Behind the sleep story: “The Glass Maker of Murano” 🧿

“When you do things from your soul, you feel a river moving in you, a joy.”
— Rumi

Hi friend!

I loved getting to share my new book with you last week — and to everyone who entered the giveaway, thank you so much for taking part and for sharing your favorite coffee rituals and stories, especially memories with loved ones.

Order your copy here

But last week also held the launch of something that I am truly just as excited to share with you today. My newest Sleep Story for Calm is live, and it’s a special one!

The seed for this story was planted last summer, as I worked on Calm’s series for HBO, A World of Calm. I had the honor of writing two episodes, the first of which was about glass making — specifically Dutch glass maker Bibi Smit.

One section of the episode touched on Venice and the role it’s played in the history of glass, and I was absolutely fascinated by what I learned: that for several hundred years, the city held a monopoly on glass making in the world; that in 1291, all Venetian glass makers were told to move to the island of Murano, to keep their precious trade secrets from escaping; and that these secrets were typically kept between fathers and sons, especially among the glassmaking guilds of the Renaissance.

There seemed to be such an air of mystery and intrigue around glass making at that time, and the researcher/wannabe-detective in me needed to know more. I started to explore the idea of writing a Sleep Story about a glass maker in Renaissance Venice, with a singular question on my mind:

What if I wrote about a glass maker’s daughter?

At first, all I read was that Venetian glass makers were so important, their daughters were allowed to marry the sons of Venice’s “wealthiest and noblest” families, and their children were also considered nobles.

But I couldn’t help imagining a different kind of glass maker’s daughter — surely there had to have been someone who snuck into her father’s workshop, not content to let her brothers have all the fun. I imagined taking a little artistic license and writing about such a woman, who was just as in love with the craft as her male counterparts were.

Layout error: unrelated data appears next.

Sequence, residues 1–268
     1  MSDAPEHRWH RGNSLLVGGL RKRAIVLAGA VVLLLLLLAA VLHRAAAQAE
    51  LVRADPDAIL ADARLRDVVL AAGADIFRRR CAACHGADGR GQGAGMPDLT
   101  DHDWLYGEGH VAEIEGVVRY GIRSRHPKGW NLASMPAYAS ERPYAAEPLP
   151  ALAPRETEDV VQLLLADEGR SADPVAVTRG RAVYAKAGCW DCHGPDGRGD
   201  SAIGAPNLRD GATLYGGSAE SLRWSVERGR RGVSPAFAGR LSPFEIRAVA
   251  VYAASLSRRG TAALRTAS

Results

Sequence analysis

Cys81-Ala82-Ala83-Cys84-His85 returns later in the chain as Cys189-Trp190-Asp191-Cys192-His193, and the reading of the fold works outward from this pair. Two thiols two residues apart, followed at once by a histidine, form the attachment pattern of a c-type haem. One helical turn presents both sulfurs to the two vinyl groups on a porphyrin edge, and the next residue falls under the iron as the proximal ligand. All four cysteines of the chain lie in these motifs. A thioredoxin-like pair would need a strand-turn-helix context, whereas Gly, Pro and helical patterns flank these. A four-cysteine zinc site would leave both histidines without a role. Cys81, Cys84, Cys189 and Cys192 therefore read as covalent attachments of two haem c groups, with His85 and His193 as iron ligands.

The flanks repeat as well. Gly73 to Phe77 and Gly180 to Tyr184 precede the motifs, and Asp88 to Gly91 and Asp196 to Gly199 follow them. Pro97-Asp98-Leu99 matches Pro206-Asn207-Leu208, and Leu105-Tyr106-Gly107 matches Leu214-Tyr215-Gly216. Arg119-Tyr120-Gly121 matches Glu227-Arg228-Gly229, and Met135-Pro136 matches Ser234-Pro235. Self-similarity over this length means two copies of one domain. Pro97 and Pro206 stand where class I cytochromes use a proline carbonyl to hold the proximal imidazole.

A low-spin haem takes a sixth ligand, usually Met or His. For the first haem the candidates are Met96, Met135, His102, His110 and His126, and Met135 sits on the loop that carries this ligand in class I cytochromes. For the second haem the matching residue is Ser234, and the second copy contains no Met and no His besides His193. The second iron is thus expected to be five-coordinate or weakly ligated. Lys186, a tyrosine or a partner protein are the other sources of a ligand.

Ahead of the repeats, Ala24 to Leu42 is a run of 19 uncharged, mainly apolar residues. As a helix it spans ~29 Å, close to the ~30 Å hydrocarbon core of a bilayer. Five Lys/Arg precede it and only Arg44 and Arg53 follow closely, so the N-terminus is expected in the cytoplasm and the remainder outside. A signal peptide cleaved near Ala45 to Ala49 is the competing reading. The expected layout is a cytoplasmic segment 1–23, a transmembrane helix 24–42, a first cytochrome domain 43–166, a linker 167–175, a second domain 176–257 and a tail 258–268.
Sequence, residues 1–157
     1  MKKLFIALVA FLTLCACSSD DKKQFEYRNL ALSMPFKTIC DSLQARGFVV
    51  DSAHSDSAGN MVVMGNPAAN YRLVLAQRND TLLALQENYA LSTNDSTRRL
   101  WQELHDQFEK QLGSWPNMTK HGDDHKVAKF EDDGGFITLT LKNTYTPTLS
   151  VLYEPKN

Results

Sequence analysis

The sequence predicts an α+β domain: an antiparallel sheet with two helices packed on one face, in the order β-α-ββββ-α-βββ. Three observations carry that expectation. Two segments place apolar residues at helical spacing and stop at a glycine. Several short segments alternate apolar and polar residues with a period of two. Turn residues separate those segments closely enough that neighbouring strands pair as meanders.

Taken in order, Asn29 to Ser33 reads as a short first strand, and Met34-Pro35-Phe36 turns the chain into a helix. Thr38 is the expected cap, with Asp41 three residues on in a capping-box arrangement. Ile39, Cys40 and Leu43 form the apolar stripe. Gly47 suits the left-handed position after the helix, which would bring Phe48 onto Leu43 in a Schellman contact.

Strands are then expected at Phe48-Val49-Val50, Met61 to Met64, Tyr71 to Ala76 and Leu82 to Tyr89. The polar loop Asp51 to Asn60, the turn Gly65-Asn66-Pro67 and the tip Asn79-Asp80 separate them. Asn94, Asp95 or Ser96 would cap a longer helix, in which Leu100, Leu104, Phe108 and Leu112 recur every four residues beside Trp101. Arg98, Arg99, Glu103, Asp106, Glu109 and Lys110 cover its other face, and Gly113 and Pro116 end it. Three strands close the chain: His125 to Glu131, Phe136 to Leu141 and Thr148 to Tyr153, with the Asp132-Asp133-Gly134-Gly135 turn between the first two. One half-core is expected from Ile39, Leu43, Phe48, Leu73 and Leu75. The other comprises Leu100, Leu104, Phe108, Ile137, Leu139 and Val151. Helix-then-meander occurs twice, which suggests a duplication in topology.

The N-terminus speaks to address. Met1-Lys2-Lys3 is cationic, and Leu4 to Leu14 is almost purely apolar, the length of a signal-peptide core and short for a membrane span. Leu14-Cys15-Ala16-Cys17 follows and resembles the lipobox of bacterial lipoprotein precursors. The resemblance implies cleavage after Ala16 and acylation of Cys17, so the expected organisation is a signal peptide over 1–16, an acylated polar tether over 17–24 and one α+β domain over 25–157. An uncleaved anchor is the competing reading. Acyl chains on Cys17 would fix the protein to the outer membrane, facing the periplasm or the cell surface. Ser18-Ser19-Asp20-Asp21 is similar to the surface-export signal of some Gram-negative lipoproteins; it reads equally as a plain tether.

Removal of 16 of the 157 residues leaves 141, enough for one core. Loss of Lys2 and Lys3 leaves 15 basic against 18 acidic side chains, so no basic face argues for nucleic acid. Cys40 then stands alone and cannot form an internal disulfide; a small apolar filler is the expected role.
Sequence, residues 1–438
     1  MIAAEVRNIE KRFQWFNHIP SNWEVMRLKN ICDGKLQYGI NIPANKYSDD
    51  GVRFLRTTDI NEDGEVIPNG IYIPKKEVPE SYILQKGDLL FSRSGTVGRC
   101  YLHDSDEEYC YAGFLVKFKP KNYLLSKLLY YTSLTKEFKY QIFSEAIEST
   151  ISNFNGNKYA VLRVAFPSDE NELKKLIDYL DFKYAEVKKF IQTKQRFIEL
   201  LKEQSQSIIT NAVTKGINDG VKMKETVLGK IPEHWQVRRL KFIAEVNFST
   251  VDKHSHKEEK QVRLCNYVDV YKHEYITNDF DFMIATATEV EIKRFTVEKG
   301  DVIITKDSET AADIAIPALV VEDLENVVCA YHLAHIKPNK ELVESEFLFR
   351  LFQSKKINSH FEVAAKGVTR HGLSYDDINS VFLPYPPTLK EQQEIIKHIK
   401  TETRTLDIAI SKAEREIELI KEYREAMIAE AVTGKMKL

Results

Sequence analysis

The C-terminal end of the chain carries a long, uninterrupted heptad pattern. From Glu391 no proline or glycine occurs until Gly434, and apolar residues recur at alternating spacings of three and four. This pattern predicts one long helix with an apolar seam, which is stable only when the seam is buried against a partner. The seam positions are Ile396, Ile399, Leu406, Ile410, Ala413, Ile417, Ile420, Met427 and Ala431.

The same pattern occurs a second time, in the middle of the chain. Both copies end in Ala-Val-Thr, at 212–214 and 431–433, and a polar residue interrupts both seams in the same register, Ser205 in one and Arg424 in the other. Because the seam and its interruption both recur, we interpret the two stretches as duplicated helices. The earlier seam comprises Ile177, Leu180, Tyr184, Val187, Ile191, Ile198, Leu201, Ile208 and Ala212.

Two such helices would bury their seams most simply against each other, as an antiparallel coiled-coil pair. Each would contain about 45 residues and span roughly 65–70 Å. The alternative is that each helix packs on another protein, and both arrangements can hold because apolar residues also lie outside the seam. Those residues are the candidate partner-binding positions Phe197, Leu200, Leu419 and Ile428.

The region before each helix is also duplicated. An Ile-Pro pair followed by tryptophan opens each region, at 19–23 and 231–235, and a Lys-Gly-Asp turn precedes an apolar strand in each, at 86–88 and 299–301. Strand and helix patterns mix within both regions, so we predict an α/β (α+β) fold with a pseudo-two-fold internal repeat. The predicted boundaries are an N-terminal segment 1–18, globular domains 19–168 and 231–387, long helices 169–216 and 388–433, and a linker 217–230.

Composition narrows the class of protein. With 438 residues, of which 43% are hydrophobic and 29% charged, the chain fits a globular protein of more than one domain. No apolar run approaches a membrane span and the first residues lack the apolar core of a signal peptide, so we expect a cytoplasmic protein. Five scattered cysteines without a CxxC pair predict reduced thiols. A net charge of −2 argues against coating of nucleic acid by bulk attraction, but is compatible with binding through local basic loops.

Then, one fateful Monday morning last October, I stumbled across a short article that blew me away. It said that one of the most renowned artisans in the history of Murano glass, Angelo Barovier, did indeed have five sons, and as was to be expected, they went on to become important glass makers themselves.

But — and this is when my heart began to race — I then read that Angelo also had a daughter. Her name was Marietta, and not only did she learn the family’s trade, she was perhaps the most influential glass maker of them all.

This one brief clue to Marietta’s existence was the spark I didn’t know I’d been looking for — no artistic license would be needed after all!

Within days, I came across a book called A Beautiful Woman in Venice, which tells the stories of 35 women from Venice’s history who aren’t nearly as well known as they should be. Thanks to author Kathleen Ann González’s research, I learned that when Angelo died in 1460, he chose to bequeath his book of secret recipes for making glass not to one of his five sons, but to Marietta. And so did he leave the family’s workshop and furnace to her and her brother Giovanni.

Best of all, Marietta is credited with reviving the lost art of rosetta star beads (as pictured in the above portrait and in my own illustration at the top of this newsletter). And perfectly enough, a gorgeous children’s book was published just last year about Marietta and her lasting creative legacy: A Thousand Glass Flowers, by Evan Turk.

As you might be able to tell, I could easily keep going here! The weeks I spent getting to know Marietta last fall were some of the most fulfilling and inspiring weeks I’ve ever spent as a writer.

But I also want to let you get to know Marietta for yourself in my new Sleep Story, which was beautifully narrated by Italian-American actor Edoardo Ballerini.

What I most want to share with you today is simply the joy I felt while working on this story — joy, but also gratitude and awe, at how every potential detail I wondered about (“What if I wrote about a female glass maker in the Renaissance?”) kept materializing in my research, as though I myself were dreaming the story into being.

Just like Marietta created her rosetta beads by building up layers of molten colored glass, so did this story slowly take shape, layer by fascinating layer — and now, I can’t wait for you to finally meet The Glass Maker of Murano.

Here’s to stories that spark joy,

In case you missed it:

  • If you’d like to listen to my new Sleep Story but aren’t a Calm subscriber, you can sign up for a 30-day complimentary guest pass for the Calm app here.

  • My new book, Stuff Every Coffee Lover Should Know, is out now! And in case you missed last week’s giveaway, I’m giving away five more copies on Instagram this week. Just head over to IG here to enter:

Enter the giveaway here

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